It’s been a little while since we talked about the Affordable Care Act or Obamacare. Love it or hate it, you are supposed to be signed up for some sort of health care coverage by March 31st. Many states have expanded their Medicaid programs so that a larger number of people are eligible. One big issue I have with the whole Healthcare.gov system is that you have to take Medicaid if your income falls into that bracket, even if you don’t want it. This is a long post, but I have tons to say about this topic, so get a snack or beverage if you need to.
What Is Medicaid?
Medicaid is a social program for low income families and individuals who have limited income and resources. It is jointly funded by the state and federal government, but each state has to decided whether or not to participate. Every state has some sort of Medicaid program presently. Medicaid is not like Medicare, which covers senior citizens and is partially funded by your payroll deductions over the years.
In the past, children and pregnant women whose income was below 133% of the poverty limit qualified for Medicaid. Also if you were disabled or had other special circumstances, you could qualify. For everyone else, Medicaid eligibility used to take assets as well as income into account, so it wasn’t possible to qualify for Medicaid if you had a high net worth.
Medicaid For All With Obamacare
Obamacare expanded Medicaid so that anyone whose income meets the 133% of the poverty level qualifies for Medicaid. Not every state has adopted the Medicaid expansion, but many, including my home state of Colorado, have. In Medicaid expansion states, you likely qualify if you make $16,104 as a single or $32,913 as a family of 4.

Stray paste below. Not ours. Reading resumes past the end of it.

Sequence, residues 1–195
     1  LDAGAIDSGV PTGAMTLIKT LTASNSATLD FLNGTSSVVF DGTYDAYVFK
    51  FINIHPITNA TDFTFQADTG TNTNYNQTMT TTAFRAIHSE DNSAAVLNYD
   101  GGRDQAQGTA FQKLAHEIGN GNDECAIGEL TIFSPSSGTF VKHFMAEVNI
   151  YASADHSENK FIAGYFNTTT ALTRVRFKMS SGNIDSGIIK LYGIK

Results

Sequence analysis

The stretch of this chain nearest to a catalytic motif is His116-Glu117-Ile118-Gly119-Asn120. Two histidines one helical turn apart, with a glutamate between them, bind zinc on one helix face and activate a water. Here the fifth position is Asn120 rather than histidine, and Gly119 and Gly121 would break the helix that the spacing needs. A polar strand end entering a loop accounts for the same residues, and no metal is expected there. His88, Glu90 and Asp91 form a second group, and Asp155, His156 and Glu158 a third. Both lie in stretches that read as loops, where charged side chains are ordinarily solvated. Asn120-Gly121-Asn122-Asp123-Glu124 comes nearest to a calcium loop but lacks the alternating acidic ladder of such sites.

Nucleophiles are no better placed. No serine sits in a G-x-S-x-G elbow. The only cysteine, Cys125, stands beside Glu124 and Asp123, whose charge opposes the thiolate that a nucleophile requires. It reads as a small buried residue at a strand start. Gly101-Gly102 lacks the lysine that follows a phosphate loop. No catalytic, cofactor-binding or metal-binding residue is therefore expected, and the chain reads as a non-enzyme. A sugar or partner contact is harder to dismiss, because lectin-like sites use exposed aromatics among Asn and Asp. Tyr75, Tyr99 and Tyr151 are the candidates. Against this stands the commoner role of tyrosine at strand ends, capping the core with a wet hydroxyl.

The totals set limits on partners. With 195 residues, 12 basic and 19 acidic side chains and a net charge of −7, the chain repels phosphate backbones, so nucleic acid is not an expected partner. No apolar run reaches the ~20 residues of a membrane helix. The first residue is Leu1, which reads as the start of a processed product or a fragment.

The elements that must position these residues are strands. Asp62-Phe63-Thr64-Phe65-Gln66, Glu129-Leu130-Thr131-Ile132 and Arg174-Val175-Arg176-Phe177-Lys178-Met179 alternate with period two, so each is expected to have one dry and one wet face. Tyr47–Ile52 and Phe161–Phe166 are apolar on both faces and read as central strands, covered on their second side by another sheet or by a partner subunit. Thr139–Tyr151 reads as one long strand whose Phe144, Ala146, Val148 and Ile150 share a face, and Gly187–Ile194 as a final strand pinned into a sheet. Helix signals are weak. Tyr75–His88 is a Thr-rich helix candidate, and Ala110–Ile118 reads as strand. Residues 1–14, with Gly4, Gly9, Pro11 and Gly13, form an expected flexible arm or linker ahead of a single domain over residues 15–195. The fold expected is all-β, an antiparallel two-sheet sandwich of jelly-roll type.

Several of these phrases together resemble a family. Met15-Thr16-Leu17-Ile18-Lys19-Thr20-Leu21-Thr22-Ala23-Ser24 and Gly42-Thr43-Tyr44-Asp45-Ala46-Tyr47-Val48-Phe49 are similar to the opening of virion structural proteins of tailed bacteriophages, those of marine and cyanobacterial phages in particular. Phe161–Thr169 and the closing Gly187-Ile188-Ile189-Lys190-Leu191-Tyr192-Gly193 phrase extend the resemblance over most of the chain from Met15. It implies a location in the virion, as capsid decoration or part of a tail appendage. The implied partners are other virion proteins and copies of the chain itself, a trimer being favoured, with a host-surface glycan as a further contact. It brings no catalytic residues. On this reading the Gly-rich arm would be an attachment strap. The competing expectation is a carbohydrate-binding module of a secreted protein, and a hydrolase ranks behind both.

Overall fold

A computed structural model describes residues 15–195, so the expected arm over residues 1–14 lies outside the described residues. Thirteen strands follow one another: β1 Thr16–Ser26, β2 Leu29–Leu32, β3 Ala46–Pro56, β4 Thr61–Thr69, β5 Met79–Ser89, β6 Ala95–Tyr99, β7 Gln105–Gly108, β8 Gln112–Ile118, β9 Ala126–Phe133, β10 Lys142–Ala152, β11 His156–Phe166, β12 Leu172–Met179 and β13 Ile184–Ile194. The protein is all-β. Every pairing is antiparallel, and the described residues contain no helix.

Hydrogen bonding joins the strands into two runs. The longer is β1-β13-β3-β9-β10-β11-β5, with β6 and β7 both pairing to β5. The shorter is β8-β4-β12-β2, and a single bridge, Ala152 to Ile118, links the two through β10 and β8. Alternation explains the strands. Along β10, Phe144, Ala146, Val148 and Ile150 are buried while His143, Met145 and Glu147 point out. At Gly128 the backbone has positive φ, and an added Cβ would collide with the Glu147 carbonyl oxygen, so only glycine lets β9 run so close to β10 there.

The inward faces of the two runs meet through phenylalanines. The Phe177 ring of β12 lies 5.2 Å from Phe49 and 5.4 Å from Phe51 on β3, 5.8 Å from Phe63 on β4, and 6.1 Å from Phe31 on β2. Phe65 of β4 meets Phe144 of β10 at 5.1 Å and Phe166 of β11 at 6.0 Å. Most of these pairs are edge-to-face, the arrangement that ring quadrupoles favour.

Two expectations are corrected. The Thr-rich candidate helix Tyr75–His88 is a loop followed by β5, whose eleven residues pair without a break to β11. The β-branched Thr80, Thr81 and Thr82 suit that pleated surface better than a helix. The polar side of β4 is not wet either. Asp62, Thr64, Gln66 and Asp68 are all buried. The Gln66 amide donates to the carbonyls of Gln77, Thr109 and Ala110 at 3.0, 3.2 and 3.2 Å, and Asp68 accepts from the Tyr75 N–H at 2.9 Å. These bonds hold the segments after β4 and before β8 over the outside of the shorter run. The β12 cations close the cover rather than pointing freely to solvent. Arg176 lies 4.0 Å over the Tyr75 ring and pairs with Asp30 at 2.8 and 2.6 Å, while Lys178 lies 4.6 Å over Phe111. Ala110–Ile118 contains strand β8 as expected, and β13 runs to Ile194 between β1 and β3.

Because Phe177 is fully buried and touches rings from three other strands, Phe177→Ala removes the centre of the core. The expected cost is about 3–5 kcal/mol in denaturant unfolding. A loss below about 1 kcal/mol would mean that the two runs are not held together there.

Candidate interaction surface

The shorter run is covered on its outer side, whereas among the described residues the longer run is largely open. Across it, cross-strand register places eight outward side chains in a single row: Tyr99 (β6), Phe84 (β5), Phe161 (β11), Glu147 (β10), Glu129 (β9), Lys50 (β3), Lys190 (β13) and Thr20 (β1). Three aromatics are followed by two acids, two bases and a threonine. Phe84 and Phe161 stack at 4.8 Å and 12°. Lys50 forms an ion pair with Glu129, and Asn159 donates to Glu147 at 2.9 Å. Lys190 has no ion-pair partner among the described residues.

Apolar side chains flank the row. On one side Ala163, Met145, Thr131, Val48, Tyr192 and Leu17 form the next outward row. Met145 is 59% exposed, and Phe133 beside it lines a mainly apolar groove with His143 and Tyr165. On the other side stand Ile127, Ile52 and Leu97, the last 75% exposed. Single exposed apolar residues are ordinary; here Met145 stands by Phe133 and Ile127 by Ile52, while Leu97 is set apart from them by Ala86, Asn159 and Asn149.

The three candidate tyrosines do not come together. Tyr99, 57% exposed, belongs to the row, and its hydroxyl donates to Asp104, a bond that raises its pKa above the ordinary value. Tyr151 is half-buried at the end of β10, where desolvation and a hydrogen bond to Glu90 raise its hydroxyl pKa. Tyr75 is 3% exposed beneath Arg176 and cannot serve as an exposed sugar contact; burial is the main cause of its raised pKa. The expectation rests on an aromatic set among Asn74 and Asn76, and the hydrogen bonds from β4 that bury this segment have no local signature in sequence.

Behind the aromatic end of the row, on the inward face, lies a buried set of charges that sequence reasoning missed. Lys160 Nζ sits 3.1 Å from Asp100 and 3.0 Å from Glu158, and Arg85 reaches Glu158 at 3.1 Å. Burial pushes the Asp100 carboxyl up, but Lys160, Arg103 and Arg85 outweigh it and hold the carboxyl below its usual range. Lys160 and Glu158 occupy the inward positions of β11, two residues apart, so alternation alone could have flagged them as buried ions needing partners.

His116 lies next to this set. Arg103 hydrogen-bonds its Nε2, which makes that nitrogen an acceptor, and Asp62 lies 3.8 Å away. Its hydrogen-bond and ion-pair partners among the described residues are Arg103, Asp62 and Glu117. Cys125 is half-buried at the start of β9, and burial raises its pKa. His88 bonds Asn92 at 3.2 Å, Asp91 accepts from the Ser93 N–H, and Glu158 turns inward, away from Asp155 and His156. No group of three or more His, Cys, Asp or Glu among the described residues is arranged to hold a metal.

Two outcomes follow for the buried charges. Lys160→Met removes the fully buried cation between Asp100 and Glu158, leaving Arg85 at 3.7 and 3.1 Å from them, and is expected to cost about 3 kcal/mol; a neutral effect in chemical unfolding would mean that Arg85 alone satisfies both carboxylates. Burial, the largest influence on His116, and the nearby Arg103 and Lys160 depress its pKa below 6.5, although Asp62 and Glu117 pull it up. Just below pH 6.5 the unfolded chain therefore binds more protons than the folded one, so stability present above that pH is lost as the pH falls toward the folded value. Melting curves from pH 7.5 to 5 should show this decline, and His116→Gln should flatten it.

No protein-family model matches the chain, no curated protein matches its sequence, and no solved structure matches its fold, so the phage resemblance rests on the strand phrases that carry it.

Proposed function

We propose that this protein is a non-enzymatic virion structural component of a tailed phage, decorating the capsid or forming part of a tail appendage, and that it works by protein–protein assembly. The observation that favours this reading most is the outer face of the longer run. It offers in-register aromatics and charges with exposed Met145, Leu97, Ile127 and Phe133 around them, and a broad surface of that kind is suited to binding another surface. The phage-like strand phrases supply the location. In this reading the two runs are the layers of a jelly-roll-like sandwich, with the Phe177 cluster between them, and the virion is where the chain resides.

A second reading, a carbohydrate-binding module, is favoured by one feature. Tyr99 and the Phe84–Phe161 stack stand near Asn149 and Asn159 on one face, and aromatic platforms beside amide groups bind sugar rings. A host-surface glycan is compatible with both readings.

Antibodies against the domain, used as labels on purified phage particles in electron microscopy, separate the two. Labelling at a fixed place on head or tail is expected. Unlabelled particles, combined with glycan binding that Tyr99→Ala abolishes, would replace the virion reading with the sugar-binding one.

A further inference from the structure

If you are enrolled in Medicaid, your basic medical costs are pretty much zero. There are no premiums. You might have a very small copay for certain services, but it’s usually no more than $5. Medicaid offers prescription drug coverage, but you have to choose from drugs on their approved list. I see no rhyme or reason to their list at least with eye medicines. Some of the more expensive drugs are covered while cheaper ones might not be. Medicaid covers most services for kids, but adults usually do not have coverage for things like routine dental or vision. However if there is something medically wrong, if a patient has chronic conditions, or needs maternity care, it is usually covered by Medicaid.
What Is The Problem With Medicaid?
Free health care sounds great, right? Yes and no. For truly poor or disabled people Medicaid is a life saver. Without Medicaid in the United States, you’d see many individuals going without basic health or pre-natal care only to show up at the emergency room in dire straits, which raises heath care costs for all of us. While even Medicaid covered persons do not always seek timely treatment, you can’t argue that Medicaid allows much greater access to vital health care than if the program didn’t exist.
However, from a provider standpoint, Medicaid reimbursements to doctors and hospitals are generally a very small percentage of normal fees. Yes, normal fees are usually outrageous, but Medicaid payments often do not cover the operating cost of a facility. With eye care, Medicaid pays about $20 for an eye exam that would normally cost $100. If we did Medicaid exams all day, we couldn’t afford to pay staff or keep the electricity running.